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Bring It On Home: Peter Grant, Led Zeppelin, and Beyond--The Story of…

by Mark Blake

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212851,843 (4.25)None
"Peter Grant is the most famous music manager of all time. Often acknowledged as the "fifth member of Led Zeppelin," Grant's story has appeared in fragments across countless Zeppelin biographies, but none has explored who this brilliant and intuitive manager yet flawed and sometimes dangerous man truly was. No one has successfully captured the scope of his personality or his long-lasting impact on the music business. Acclaimed author and journalist Mark Blake seeks to rectify that. Bring It On Home is the first book to tell the complete uncensored story of this industry giant. With support from Grant's family interviews with Led Zeppelin's surviving band members, and access to Grant's extensive archive and scores of unpublished material, including his never-before-published final interview, Blake sheds new light on the history of Led Zeppelin and on the wider story of rock music in the 1960s and '70s. Full of new insights into Grant's early life as an actor, wrestler, and road manager for rock 'n' roll pioneers Chuck Berry and Little Richard; the formation of Led Zeppelin; his seclusion following the demise of the band; and his recovery from substance abuse, Bring It On Home reveals a man who, after the extraordinary highs and lows of a career in rock 'n' roll, found peace and happiness in a more ordinary life. It is a celebration, a cautionary tale, and a compelling human drama."--Jacket.… (more)
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All about the burly, thuggish manager of Led Zeppelin and Bad Company.
  beaujoe | Jul 26, 2021 |
A very good book for a man who deserved a serious biography. All of such books have so many characters it becomes a difficult read. The author did a good job of trying to keep the reader on track but it is still a jumble of back and forth to see who he is talking about. All true stories reveal the difficulty, variation, imperfection and "mixed bag" of being a human being. Those who have created great impact seem to have more impactful demons, especially when thrust into the lime light without an upbringing with some training for such brightness. It seems to me to be a history lesson for evening the playing field for all. Drugs and alcohol are such dangerous elements, feeding the fear and concomitant egos. More education and more community, enlightened by a helpful approach rather than a pedantic one are critically important, IMHO. ( )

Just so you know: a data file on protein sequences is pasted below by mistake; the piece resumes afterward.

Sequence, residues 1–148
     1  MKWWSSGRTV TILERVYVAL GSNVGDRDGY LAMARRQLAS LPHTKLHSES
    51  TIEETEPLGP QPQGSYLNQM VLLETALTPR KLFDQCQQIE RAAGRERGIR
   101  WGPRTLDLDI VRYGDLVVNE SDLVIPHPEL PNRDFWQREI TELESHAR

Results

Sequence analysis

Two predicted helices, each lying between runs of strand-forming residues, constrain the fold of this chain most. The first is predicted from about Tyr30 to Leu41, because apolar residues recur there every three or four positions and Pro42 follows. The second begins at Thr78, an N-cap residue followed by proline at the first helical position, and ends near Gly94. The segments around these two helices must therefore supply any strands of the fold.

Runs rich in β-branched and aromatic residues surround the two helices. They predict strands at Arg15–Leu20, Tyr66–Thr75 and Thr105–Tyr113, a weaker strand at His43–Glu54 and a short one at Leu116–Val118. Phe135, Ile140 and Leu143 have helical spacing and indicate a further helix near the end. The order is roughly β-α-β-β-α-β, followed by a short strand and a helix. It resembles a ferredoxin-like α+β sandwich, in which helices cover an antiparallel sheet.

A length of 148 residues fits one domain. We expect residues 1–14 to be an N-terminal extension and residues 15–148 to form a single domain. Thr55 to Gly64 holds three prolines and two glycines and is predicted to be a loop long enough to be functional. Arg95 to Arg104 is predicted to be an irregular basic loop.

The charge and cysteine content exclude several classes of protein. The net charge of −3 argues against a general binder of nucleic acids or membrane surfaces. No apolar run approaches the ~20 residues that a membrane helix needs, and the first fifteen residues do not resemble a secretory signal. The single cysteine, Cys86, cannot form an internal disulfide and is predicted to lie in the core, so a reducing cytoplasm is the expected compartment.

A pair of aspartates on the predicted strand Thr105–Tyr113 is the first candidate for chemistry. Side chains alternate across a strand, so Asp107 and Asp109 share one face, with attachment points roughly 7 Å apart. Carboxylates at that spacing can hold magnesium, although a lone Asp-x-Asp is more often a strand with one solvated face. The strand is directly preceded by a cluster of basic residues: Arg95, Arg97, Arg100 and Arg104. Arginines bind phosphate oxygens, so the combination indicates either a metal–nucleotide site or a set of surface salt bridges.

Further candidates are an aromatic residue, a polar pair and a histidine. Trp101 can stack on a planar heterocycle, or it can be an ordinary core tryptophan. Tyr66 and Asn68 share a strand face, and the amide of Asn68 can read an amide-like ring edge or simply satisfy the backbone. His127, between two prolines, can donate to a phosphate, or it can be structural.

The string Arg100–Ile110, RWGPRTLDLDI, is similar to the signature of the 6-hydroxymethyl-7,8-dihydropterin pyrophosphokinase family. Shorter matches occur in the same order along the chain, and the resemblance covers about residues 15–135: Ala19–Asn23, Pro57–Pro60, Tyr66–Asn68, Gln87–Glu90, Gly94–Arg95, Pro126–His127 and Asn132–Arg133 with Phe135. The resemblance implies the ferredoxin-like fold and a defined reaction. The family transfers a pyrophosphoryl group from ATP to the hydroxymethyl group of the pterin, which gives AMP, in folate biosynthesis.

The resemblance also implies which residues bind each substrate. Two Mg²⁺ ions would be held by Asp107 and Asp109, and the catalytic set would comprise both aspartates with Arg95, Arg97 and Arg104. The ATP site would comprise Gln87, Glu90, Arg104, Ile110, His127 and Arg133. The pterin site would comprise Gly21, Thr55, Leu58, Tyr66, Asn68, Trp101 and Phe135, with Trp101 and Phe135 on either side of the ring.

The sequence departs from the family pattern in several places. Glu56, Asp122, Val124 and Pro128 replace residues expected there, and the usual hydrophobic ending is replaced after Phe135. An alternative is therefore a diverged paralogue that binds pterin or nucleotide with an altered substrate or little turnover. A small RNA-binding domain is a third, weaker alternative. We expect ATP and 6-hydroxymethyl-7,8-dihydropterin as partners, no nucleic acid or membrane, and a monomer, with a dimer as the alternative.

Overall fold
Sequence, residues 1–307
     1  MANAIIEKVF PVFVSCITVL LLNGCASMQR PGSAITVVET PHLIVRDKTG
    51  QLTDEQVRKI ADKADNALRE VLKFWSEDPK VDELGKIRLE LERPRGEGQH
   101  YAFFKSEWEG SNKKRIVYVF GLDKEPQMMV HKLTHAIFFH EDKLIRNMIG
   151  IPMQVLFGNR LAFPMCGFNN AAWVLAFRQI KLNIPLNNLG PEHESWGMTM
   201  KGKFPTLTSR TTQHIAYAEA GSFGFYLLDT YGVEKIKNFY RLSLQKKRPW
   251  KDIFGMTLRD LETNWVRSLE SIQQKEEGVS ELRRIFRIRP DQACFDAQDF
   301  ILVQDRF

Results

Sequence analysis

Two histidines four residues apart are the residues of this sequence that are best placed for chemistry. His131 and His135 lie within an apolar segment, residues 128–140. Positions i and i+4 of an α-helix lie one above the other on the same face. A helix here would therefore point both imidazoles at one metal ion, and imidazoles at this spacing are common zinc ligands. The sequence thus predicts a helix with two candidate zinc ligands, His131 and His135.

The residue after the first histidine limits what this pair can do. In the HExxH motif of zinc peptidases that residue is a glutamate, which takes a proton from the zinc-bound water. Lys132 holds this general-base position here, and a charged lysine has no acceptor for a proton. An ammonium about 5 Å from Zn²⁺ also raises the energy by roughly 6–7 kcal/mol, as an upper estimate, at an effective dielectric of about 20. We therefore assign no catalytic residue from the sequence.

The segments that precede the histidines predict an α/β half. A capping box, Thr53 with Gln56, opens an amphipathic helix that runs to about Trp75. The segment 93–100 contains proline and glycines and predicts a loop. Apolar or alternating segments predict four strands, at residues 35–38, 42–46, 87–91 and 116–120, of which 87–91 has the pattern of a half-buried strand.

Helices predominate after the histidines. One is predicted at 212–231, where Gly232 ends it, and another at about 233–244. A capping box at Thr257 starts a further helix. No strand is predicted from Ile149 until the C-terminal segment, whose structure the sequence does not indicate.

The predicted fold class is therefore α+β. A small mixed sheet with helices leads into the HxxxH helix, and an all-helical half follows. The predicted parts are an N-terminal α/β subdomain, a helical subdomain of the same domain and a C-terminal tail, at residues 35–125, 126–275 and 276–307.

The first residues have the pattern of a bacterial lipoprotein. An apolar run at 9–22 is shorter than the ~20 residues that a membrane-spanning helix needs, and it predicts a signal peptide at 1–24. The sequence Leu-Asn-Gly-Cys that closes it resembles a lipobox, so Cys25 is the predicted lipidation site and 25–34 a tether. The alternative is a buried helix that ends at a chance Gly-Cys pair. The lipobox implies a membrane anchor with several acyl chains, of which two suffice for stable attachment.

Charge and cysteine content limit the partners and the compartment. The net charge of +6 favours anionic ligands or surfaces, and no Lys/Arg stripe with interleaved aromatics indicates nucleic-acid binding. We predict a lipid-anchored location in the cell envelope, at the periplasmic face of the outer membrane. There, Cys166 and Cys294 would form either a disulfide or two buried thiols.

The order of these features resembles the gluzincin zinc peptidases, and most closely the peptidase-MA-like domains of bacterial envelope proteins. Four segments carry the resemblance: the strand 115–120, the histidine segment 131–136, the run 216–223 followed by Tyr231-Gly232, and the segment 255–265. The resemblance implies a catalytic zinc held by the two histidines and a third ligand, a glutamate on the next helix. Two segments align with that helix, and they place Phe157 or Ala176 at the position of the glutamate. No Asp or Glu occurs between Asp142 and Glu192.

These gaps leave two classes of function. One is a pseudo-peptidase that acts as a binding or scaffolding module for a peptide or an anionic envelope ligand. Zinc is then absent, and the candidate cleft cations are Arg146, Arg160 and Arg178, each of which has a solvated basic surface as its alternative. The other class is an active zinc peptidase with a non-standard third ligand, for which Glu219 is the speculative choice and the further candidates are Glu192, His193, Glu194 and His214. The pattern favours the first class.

DonaldPowell | Feb 5, 2019 |
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"Peter Grant is the most famous music manager of all time. Often acknowledged as the "fifth member of Led Zeppelin," Grant's story has appeared in fragments across countless Zeppelin biographies, but none has explored who this brilliant and intuitive manager yet flawed and sometimes dangerous man truly was. No one has successfully captured the scope of his personality or his long-lasting impact on the music business. Acclaimed author and journalist Mark Blake seeks to rectify that. Bring It On Home is the first book to tell the complete uncensored story of this industry giant. With support from Grant's family interviews with Led Zeppelin's surviving band members, and access to Grant's extensive archive and scores of unpublished material, including his never-before-published final interview, Blake sheds new light on the history of Led Zeppelin and on the wider story of rock music in the 1960s and '70s. Full of new insights into Grant's early life as an actor, wrestler, and road manager for rock 'n' roll pioneers Chuck Berry and Little Richard; the formation of Led Zeppelin; his seclusion following the demise of the band; and his recovery from substance abuse, Bring It On Home reveals a man who, after the extraordinary highs and lows of a career in rock 'n' roll, found peace and happiness in a more ordinary life. It is a celebration, a cautionary tale, and a compelling human drama."--Jacket.

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